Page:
Jason:                                   00:34:33               "It's um, uh, um, um, I don't know."

Guy:                                      00:34:36               "Nobody knows!"

Mark Johnson:                  00:34:37               My head turned the most was probably Sam Rockwell. I just said, "This guy is brilliant."

Sam Rockwell:                   00:34:42               I, um, did not want to do the part originally, (laughs).

Elizabeth Cantillon:          00:34:48               He said no a million times, and she just wouldn't let him.

Sam Rockwell:                   00:34:51               Finally, I said yes to it because I realized that it would come out probably around the same time as the Green Mile. The role in Galaxy Quest and Green Mile would be such a nice contrast. I can't explain why I would ever say no to this movie. It was just me taking myself way too ser-seriously.

Justin Long:                        00:35:10               Uh, for me, it was, it was g- my introduction to Sam Rockwell, and to how great Sam was as an actor and as a person. That's what I think of when I think of Galaxy Quest.

Paul Scheer:                       00:35:19               Justin Long, playing a role that honestly, I think if you put him in it today, he would look like he's not aged a day.

Justin Long:                        00:35:25               Yeah, I was 20 at the time, 21.

Jason:                                   00:35:27               "What's your name son?"

Justin Long:                        00:35:28               "Uh, Brandon?"

Justin Long:                        00:35:31               There was no question mark in the script.

Debra Zane:                       00:35:34               It really was not a very big part. He was just so perfect. Like this, like that little crack in his voice.

Justin Long:                        00:35:39               "Uh, I mean, that doc..." that's from Michael J. Fox, I, who was my idol. "Doc, uh, are you telling me...? You know, it was that." (laughs). And Chris Farley, and that Chris... Remember Chris Farley going, "You know, you're, you're one of them..."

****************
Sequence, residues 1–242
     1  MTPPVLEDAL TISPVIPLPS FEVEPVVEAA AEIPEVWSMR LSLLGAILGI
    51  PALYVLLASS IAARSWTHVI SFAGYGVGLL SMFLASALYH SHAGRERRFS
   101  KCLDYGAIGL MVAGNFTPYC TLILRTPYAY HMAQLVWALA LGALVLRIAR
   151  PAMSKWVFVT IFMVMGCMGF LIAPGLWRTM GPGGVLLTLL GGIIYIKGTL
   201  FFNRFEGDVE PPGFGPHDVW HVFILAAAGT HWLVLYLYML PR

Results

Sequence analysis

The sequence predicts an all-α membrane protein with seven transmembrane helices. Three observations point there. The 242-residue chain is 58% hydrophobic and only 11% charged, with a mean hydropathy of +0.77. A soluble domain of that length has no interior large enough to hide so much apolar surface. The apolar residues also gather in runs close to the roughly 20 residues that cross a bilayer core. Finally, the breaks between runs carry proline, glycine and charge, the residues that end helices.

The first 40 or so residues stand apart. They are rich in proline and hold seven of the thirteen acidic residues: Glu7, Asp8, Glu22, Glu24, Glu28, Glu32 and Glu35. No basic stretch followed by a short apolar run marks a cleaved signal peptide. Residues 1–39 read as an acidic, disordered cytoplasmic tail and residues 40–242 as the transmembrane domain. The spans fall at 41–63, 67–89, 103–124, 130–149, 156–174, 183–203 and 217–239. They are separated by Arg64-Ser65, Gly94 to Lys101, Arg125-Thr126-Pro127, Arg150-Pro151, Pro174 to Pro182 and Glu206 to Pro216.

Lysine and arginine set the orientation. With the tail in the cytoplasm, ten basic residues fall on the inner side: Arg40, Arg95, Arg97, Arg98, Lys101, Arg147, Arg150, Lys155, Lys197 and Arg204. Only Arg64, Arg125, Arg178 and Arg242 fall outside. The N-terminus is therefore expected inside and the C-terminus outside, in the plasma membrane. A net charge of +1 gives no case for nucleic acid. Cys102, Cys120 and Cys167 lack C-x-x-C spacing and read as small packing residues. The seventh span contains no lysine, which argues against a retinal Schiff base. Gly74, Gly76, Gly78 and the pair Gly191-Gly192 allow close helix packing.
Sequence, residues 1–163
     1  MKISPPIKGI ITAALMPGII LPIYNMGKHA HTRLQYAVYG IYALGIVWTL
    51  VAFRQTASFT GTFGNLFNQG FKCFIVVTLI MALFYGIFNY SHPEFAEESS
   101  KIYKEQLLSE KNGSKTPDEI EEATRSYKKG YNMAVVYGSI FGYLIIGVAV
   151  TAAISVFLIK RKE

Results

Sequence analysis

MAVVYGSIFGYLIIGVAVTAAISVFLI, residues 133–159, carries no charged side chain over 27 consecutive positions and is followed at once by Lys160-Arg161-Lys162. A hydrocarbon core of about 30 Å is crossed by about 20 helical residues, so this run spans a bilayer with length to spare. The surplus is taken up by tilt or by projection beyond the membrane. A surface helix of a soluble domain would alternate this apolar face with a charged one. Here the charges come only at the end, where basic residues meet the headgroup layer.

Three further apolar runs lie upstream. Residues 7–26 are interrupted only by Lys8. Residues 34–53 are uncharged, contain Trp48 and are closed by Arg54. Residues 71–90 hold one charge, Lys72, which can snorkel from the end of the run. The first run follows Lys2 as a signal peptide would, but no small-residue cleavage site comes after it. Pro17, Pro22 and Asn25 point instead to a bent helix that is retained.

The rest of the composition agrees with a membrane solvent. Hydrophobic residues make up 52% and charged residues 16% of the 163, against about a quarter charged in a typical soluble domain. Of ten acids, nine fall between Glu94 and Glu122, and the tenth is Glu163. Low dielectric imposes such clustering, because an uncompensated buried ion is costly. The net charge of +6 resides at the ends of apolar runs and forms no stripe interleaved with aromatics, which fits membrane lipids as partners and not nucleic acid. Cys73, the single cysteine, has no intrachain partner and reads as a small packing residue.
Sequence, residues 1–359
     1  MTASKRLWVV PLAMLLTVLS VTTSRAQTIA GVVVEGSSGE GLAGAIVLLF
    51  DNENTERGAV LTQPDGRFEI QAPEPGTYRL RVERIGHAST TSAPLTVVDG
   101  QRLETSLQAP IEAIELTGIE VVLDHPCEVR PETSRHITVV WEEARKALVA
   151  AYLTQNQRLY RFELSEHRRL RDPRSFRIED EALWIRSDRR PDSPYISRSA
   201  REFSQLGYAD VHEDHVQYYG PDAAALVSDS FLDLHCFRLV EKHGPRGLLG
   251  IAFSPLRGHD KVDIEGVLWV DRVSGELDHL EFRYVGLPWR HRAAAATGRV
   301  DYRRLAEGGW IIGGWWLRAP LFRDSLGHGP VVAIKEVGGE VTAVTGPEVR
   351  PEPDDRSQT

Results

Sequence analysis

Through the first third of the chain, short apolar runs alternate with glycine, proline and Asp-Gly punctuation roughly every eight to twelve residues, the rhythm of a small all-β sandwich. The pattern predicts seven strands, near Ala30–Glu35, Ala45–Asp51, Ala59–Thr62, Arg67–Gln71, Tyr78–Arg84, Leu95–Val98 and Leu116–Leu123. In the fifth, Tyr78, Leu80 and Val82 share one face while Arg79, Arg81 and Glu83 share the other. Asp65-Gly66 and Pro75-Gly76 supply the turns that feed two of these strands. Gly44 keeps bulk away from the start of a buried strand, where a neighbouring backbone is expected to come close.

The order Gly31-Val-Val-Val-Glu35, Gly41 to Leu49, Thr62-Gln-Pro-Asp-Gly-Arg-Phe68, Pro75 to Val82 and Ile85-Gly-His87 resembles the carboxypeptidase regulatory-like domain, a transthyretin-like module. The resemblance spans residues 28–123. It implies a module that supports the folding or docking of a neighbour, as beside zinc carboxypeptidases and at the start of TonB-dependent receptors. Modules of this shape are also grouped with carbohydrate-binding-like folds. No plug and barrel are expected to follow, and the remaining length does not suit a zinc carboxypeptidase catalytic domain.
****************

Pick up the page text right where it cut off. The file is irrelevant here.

Brandon:                             00:35:55               "Uh, evidently we had a little miscommunication regarding..."

Justin Long:                        00:35:59               "You know, he's on [inaudible 00:35:59]..." He just, " You like, the, um..."

Brandon:                             00:36:03               "I actually wanna, just wanted to tell you that I, I thought a lot about what you said."

Justin Long:                        00:36:07               There's also a com-comic book guy in there. I grew up watching The Simpsons and "So he was always like, you know, best, you know, whenever he was talking to somebody it was always a little bit down to them." I was like, "I'm just gonna do (laughs), what I love." You know, "I'm gonna, I'm gonna steal from all the people that I love (laughing)."

Sam Rockwell:                   00:36:23               Justin's a very gifted, uh, actor and comedian, and, and he, he, he's got a great ear.

Justin Long:                        00:36:30               I love Sam listening... "Yeah."

Sam Rockwell:                   00:36:31               Yeah, yeah.

Justin Long:                        00:36:35               "Yeah, yeah, yeah."

Sam Rockwell:                   00:36:37               Well, yeah, yeah, yeah.

Justin Long:                        00:36:39               Yeah (laughs).

Sam Rockwell:                   00:36:41               I've seen his impression of me. It's very... It's, it's... Yes. It's slightly exaggerated.

Brandon's Mom:               00:36:47               "Brandon honey, the garbage."

Brandon:                             00:36:48               "Ugh, Mother, I'm quite busy."

Damon Lindelof:               00:36:51               That's one of the best comedic cuts in the history of modern cinema, is that. And they're trying to get in touch with Justin's Long's character and they're like, "Are you there? Are you there?"

Jason:                                   00:36:58               "Brandon!"

Damon Lindelof:               00:36:59               And he's not answering, and you cut to him taking out the garbage.

Brandon:                             00:37:03               "Mother, I cannot stress enough the severity of the Commander's predicament."

Brandon's Mom:               00:37:06               "Don't forget the recyclables!"

Damon Lindelof:               00:37:07               Oh, he still, is a teenager who has to take out the garbage. His mom does not care that like the fate of all these people up in space depends on him. If you're a sports kid, which, I suspect, you aren't, if you are watching this Galaxy Quest documentary. It's not enough to just be in the NBA, you have to win the championship in game seven with three seconds to go.

Damon Lindelof:               00:37:29               For us, for us, it's getting the call from Captain Kirk, and he's saying, "The Enterprise is in trouble, and only you and your nerdy friends have the information required to get the Enterprise out of the situation it's in. Can you help me Damon?" Like, that's the fantasy that we had.

Dean Parisot:                     00:37:47               Uh, there were all these suggestions thrown out, and one of them was to remove entirely the sub-plot o-of Justin Long's character. Um, which is, the very heart of the theme of the movie (laughs). Um, there was, there was a little, uh, a little friction.